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Marine Molybdenum Loss During the Toarcian Ocean Anoxic Event

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Source: AGU Advances
Editors’ Highlights are summaries of recent papers by AGU’s journal editors.

The early Jurassic Toarcian ocean anoxic event around 180 million years ago was one of the most catastrophic anoxic events during the Mesozoicum. Using new records of the redox-sensitive redox metal molybdenum (Mo), Them et al. [2022] reconstruct the temporal evolution of the total ocean inventory of molybdenum. They suggest that the ocean has lost 41 Gt of Mo during this anoxic event, which implies a total burial of more than 200,000 Gt of organic carbon. They argue that this is only possible if at least 3% of the ocean floor was euxinic, i.e., having conditions in which oxygen is completely depleted and H2S is present. Given that molybdenum is an essential element for many organisms, such a loss of it from sea-water during anoxic/euxinic events poses a major threat for marine life, potentially contributing to the mass extinction that typically characterizes such events.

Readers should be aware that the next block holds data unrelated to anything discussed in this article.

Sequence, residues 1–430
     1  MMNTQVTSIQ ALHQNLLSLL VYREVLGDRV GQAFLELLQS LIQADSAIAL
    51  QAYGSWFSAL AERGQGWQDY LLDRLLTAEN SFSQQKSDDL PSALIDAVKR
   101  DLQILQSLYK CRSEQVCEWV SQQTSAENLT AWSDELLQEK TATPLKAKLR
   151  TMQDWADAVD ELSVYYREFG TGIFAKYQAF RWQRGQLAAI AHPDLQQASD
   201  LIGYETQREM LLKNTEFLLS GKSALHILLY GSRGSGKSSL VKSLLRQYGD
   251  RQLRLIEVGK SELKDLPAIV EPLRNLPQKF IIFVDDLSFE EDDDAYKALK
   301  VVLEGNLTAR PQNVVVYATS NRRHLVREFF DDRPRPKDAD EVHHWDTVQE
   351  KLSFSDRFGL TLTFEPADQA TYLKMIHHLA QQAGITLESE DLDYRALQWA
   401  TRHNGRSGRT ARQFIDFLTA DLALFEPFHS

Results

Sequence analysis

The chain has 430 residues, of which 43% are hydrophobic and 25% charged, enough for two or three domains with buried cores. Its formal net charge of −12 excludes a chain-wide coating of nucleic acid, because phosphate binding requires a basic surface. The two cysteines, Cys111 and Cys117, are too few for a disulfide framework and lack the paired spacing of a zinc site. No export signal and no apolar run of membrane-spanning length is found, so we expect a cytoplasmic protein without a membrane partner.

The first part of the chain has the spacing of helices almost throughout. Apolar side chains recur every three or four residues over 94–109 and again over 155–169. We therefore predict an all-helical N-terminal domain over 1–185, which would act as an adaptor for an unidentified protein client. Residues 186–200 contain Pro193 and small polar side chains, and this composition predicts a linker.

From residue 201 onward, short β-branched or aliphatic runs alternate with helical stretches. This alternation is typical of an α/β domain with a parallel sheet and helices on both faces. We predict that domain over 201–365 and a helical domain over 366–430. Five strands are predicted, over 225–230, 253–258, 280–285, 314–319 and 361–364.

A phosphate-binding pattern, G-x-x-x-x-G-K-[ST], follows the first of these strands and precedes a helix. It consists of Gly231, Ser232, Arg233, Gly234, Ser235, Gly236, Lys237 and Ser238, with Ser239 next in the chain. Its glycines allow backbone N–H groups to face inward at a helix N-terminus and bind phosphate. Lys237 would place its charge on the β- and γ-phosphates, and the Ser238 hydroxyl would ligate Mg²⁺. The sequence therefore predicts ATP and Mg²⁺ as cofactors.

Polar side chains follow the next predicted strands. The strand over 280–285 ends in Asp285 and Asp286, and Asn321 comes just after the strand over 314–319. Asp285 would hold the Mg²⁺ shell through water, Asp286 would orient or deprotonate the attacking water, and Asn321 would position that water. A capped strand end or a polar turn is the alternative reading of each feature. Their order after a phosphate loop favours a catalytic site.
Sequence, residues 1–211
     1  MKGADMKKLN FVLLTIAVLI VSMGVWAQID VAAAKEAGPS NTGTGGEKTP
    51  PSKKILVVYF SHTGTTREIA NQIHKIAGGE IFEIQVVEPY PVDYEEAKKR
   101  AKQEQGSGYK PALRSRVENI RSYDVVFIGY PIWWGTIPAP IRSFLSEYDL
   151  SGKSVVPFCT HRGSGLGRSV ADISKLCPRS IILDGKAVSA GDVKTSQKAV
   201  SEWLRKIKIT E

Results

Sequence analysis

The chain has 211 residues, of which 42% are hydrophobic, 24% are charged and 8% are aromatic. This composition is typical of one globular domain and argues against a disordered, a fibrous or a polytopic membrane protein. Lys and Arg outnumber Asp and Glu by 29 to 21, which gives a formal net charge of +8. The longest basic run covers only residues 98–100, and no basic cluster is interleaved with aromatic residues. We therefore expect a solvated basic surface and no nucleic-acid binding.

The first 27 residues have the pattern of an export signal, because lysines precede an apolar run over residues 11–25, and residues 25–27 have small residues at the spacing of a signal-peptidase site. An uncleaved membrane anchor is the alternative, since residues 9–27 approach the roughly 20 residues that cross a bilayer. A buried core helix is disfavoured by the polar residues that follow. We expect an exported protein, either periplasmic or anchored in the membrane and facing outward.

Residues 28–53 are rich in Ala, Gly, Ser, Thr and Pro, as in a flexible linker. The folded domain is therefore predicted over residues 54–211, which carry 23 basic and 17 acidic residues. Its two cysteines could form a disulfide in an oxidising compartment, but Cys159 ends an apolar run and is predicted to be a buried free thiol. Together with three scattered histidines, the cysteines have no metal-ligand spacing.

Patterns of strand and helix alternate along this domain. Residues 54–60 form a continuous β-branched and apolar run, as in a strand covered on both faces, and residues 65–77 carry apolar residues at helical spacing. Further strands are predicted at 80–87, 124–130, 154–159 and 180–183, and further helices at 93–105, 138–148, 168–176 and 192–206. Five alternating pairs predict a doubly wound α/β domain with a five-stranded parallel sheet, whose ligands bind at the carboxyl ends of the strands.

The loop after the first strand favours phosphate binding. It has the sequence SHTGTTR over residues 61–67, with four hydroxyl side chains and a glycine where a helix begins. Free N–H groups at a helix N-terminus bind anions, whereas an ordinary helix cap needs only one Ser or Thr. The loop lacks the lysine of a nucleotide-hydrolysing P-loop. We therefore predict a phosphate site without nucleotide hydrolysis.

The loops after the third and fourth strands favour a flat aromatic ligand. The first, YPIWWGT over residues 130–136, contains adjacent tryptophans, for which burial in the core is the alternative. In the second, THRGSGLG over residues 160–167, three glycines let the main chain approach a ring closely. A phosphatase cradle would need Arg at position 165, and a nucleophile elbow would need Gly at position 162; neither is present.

Citation: Them, T. R., Owens, J. D., Marroquín, S. M., Caruthers, A. H., Alexandre, J. P. T., & Gill, B. C. [2022]. Reduced marine molybdenum inventory related to enhanced organic carbon burial and an expansion of reducing environments in the Toarcian (Early Jurassic) oceans. AGU Advances, 3, e2022AV000671. https://doi.org/10.1029/2022AV000671

—Nicolas Gruber, Editor, AGU Advances

Text © 2022. The authors. CC BY-NC-ND 3.0
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